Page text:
Surveillant 1.6 sees Dangerous Liaison as a "tale of cooperation between the Pentagon, CIA, and Israel's Mossad and Shin Bet from post-WWII contacts with James Angleton to the present crisis in the Gulf." Surveillant 2.4 adds that "[r]ecent accounts of Israeli sales of arms to India add further credibility to this work." Rich, FILS 12.3, notes that the 1992 edition has a "few changes." This is an "easily read and enjoyable survey of the complex story of American and Israeli covert relationships." However, there are "occasionally lapses into baited-breath journalism." The "chapter on [Michael] Harari ... is the best in the book."
To Stork, Middle East Journal 46.2, the book is "an extensive, well-researched, and accessible account that helps to demystify the relationship at a moment when it may be undergoing significant stress." NameBase says that Dangerous Liaison "is especially helpful in understanding the influence of the Israeli arms industry, which operates on a revolving-door basis with various elements of Israel's intelligence community and has been all too eager to supply many of the world's tyrants." This book is "[l]ess a diplomatic history than a study of the dark underside of the U.S.-Israeli relationship."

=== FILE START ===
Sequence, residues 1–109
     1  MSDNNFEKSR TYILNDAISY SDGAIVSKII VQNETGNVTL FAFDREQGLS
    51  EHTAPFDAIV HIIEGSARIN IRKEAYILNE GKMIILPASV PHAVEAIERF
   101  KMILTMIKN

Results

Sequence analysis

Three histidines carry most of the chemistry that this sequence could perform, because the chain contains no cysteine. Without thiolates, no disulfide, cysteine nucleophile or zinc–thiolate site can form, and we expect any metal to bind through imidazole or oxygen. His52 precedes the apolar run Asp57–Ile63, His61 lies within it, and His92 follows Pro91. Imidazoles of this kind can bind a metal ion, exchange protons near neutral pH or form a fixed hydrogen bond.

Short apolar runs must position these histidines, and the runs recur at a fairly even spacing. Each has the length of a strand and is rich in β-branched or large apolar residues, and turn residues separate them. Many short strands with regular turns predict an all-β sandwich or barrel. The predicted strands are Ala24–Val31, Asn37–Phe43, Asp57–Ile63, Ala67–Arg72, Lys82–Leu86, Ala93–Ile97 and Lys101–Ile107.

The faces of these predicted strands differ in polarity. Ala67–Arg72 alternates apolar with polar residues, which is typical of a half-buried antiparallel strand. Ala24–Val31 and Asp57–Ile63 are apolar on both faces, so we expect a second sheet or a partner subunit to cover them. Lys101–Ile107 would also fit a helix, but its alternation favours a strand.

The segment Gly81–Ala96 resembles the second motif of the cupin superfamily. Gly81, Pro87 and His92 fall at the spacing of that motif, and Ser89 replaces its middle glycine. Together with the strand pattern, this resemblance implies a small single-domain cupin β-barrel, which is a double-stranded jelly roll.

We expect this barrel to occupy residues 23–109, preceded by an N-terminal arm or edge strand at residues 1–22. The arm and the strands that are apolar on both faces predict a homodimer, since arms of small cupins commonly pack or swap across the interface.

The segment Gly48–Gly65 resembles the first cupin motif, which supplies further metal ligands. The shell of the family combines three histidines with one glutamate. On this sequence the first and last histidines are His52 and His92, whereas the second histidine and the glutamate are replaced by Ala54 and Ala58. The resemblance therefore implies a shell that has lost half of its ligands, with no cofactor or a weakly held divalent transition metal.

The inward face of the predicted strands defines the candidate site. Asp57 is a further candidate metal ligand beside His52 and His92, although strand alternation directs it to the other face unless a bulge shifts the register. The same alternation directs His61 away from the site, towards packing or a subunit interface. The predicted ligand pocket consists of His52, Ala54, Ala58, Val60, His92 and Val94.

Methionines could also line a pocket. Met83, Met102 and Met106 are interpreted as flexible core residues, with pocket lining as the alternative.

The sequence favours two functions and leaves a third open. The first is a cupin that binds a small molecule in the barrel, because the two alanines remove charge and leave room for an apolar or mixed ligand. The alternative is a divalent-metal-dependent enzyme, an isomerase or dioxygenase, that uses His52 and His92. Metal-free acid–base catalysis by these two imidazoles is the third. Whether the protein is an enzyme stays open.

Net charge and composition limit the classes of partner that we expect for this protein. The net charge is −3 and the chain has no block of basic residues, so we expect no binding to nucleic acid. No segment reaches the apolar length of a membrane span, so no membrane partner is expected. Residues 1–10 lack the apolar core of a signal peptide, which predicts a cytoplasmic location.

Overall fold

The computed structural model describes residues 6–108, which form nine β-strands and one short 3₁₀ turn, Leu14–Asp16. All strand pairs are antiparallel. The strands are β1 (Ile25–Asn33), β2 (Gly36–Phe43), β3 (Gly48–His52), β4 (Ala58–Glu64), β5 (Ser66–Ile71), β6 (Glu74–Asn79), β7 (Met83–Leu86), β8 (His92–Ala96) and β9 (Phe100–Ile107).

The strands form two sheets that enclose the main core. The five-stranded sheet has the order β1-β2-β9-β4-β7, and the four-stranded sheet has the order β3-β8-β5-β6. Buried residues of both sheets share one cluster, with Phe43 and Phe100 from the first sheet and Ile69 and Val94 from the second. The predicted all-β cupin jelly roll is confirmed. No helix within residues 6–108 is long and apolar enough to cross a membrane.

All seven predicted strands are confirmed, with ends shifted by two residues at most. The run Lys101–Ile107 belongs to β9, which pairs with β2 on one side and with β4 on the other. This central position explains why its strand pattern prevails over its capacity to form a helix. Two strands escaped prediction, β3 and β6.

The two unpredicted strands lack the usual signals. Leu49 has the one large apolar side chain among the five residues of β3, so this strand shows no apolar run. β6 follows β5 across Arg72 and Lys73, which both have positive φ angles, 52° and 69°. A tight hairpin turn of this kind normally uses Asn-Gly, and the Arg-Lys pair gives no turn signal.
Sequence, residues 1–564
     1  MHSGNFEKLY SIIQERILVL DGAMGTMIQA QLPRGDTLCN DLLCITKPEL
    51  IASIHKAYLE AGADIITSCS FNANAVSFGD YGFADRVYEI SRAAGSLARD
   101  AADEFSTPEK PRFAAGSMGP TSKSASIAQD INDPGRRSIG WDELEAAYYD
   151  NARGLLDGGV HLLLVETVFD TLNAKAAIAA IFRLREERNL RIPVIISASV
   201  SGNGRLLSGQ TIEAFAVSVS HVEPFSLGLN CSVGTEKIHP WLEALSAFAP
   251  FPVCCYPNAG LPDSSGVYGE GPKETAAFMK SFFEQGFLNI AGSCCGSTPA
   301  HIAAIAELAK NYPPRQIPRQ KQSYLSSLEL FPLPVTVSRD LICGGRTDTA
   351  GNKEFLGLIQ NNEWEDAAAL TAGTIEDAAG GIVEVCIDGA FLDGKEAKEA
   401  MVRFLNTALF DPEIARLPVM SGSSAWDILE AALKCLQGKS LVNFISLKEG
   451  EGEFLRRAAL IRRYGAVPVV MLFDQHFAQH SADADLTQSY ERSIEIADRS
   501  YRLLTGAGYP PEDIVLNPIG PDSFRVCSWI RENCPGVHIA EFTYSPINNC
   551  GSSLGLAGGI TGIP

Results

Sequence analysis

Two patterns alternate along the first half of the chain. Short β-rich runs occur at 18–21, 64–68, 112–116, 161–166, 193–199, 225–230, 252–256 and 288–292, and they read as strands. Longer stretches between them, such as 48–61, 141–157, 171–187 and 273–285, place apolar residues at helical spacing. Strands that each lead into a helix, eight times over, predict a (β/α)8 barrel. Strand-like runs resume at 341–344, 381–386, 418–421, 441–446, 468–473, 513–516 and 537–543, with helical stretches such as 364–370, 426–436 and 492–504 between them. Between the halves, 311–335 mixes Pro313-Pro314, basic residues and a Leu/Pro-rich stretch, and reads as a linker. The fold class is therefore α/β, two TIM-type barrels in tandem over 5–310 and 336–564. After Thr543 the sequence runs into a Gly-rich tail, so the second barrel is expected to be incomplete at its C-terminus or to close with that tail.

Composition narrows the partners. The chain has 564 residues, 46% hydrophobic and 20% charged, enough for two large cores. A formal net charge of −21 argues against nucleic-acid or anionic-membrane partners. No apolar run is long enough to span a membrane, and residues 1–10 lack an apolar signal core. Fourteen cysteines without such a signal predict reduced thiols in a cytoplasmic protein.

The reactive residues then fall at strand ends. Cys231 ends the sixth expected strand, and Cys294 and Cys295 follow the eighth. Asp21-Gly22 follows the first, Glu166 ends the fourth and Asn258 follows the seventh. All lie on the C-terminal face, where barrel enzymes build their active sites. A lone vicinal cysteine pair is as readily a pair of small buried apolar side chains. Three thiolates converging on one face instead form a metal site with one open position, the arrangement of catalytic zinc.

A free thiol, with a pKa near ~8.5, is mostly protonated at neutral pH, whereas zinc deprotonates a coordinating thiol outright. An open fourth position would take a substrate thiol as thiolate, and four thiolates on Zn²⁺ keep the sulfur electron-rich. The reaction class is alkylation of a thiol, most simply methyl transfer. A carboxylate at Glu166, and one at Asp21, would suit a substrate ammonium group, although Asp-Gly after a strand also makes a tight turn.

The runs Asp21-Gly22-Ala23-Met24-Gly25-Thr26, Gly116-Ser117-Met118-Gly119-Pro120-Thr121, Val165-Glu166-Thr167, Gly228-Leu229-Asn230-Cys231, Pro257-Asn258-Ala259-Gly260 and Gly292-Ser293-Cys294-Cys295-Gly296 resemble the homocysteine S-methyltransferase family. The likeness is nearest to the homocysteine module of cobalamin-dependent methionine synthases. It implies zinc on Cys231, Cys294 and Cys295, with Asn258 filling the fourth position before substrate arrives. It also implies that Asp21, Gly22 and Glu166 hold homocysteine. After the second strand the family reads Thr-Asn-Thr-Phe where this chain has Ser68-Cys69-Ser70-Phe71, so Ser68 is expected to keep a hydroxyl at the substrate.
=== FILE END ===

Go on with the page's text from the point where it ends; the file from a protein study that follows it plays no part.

Cockburn, Leslie. Out of Control: The Story of the Reagan Administration's Secret War in Nicaragua, the Illegal Arms Pipeline, and the Contra Drug Connection. New York: Atlantic Monthly Press, 1987.
Cockburn, Patrick. "Russia Claims It Has Arrested 'British Spy.'" The Independent, 16 Mar. 2000. [http://www.independent.co.uk]
On 15 March 2000, the Russian counterintelligence agency (Federal Security Service -- FSB) announced the arrest of "a Russian citizen accused of spying for Britain with the aid of the Estonian security service."
Cocker, Mark. Richard Meinertzhagen: Soldier, Scientist and Spy. London: Secker & Warburg, 1989. London: Mandarin, 1990. [pb]
From publisher: "In a long career that found him combining the roles of soldier, spy and ornithologist, Richard Meinertzhagen's varied exploits included attending the Paris Peace Conference with T.E.Lawrence and publishing diaries of life in Kenya. This biography charts the life and times of a controversial figure."
Cockerill, A.W. Sir Percy Sillitoe. London: W.H. Allen, 1975.
Constantinides comments that Sillitoe headed MI5 from 1946 to 1950 [1953?], but this biography includes "very little" on this part of Sillitoe's career. The one chapter on MI5 "is composed of generalities." The author "observes that while other writers have ... dismissed Sir Percy's work in MI5 as insignificant, he does not accept this judgment; but he does not succeed in producing evidence to refute it."
Cockerill, George [Sir]. What Fools We Were. London: Hutchinson, 1944.
According to Constantinides, "much is left unsaid or unclarified" in this book. Cockerill was director of special intelligence of the general staff of the British War Office in World War I, working in the areas of propaganda and censorship. Only about a third of the book concerns World War I, and that is presented with a lack of details.